The nasty violence inherent in children

Recently, the 10-year-old daughter of a friend of mine spent several months being bullied viciously by three other fourth-grade girls. Several times a week, these girls would surround the victim on the playground or in the hallway, and bombard the girl with cruel remarks about her appearance, her clothes, her unpopularity, and who knows what other creative torments.

(In his cartoon series “Life in Hell,” Simpsons creator Matt Groening has a drawing titled “The Cruelest Thing in the World: A Roving Gang of Fourth-Grade Girls.” The drawing features a group of girls surrounding their victim and chanting “Cry Debbie cry” over and over again).

My friend and his wife spent weeks trying to convince the school to do something about the situation, with minimal results. In the end, the school’s principal finally intervened after my friend (who is a well-known lawyer) threatened to discuss the situation in detail with the school district’s superintendent. At the point, the principal had a meeting with the girls and their parents, and let the girls know that there would be serious consequences if the behavior didn’t stop immediately. It did.

My friend was fortunate in that he and his wife had the sort of “cultural capital,” as sociologists say, to put real heat on the authorities until something serious was done. Most parents are not in such a relatively privileged position.

Fortunately, a year ago last September, Colorado implemented a program that has the potential to help students help themselves, when their teachers and parents can’t or won’t. The Safe2Tell program was developed at the Center for the Study and Prevention of Violence at the University of Colorado. Students and others can call a phone number (1-877-542-SAFE) to report an unsafe situation, or that a crime has occurred. The phone is staffed 24 hours a day, and trained personnel forward the information from calls to local school officials and law enforcement agencies when it’s appropriate.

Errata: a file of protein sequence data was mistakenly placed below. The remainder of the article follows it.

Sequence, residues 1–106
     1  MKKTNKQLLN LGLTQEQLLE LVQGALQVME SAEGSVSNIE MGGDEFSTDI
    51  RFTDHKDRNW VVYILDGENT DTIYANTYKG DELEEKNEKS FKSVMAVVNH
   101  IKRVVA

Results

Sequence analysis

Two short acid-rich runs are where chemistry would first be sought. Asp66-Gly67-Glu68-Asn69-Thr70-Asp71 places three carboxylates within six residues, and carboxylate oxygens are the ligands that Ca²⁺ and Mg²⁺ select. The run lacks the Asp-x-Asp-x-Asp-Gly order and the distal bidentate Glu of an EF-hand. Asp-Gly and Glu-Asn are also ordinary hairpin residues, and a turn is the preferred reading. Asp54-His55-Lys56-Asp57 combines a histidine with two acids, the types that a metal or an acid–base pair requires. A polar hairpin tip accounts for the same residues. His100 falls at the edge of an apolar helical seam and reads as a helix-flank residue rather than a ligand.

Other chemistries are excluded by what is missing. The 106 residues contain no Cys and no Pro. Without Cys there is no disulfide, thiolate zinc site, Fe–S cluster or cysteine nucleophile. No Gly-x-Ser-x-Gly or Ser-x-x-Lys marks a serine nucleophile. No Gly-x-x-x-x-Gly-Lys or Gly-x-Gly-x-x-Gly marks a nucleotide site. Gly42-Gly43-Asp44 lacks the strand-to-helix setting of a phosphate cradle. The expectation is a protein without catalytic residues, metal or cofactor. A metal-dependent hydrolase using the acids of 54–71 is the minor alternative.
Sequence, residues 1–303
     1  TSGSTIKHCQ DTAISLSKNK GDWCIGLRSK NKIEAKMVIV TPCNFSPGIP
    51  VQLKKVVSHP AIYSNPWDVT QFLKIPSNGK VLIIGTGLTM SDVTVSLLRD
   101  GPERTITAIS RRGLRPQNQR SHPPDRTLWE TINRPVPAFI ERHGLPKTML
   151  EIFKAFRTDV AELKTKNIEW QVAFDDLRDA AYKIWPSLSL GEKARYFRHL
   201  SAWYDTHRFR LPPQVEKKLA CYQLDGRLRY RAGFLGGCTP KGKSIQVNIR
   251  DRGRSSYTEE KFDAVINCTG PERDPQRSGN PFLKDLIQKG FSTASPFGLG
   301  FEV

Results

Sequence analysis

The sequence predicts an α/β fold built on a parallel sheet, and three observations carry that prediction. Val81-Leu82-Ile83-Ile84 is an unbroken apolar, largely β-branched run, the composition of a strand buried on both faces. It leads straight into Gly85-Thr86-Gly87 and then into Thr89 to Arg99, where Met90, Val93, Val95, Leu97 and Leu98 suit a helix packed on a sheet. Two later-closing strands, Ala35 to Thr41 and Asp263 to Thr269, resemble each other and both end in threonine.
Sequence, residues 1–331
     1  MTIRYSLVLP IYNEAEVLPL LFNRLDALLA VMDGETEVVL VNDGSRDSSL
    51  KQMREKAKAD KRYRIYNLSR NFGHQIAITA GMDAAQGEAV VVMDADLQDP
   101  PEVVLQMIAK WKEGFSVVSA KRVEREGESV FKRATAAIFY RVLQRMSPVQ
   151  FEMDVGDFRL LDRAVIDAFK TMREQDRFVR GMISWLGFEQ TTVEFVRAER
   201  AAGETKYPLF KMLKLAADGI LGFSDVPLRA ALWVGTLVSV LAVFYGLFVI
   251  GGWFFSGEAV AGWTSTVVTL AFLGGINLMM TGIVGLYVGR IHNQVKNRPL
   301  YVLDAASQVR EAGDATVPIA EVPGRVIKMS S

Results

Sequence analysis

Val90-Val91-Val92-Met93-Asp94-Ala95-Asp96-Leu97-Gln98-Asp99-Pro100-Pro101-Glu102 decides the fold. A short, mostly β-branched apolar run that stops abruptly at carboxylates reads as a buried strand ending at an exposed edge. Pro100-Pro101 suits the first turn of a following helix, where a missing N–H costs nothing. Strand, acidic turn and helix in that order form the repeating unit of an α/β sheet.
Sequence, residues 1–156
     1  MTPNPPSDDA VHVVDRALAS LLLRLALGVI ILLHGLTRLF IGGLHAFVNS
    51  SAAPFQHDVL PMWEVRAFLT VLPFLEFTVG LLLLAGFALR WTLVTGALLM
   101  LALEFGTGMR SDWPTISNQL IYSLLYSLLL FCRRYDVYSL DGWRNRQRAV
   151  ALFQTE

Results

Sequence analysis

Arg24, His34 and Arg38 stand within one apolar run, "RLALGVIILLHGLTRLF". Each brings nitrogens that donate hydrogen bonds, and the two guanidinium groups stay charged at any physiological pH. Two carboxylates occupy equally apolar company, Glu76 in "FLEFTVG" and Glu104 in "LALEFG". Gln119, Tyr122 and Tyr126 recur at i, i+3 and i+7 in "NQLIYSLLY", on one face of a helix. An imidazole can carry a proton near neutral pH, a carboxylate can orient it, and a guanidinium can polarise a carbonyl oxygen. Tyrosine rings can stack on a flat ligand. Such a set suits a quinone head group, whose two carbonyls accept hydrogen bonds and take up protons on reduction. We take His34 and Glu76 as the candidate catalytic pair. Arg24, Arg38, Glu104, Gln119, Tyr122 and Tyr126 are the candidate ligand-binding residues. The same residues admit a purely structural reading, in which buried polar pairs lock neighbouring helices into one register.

Callers are given code numbers that protect their anonymity, which is also protected under Colorado state law. The program requires that every call generate a disposition report by the contacted school or law enforcement agency. The report notes whether the tip was unfounded, whether it resulted in an arrest, whether drugs, alcohol or weapons were involved or recovered, and whether charges were filed as a result.

I recently had lunch with Safe2Tell’s director, Susan Payne. Payne, a detective who is on leave from the Colorado Springs police force, told me that, of the approximately 145 calls the program received in its first year, only one was unfounded. She emphasized that the “code of silence” which so often surrounds schoolchildren makes it very difficult for them to report what’s going on in their school, even if they themselves are victims of criminal or bullying behavior.

Breaking that silence is crucial. Colorado Attorney General John Suthers notes that, according to the Secret Service, in 75 percent of violet school incidents, someone other than the attacker knew the incident was going to occur, but failed to report it.

Safe2Tell is funded by the Colorado Trust, a private foundation that over the past decade has contributed more than $36 million toward improving the welfare of Colorado’s youth, especially by lessening youth violence. In its 17 months of existence, Safe2Tell has run on what can be characterized as a shoestring budget. It’s the kind of program that needs and deserves public funding.

More information about the program is available at

(Paul Campos is a law professor at the University of Colorado and can be reached at Paul.Campos(at)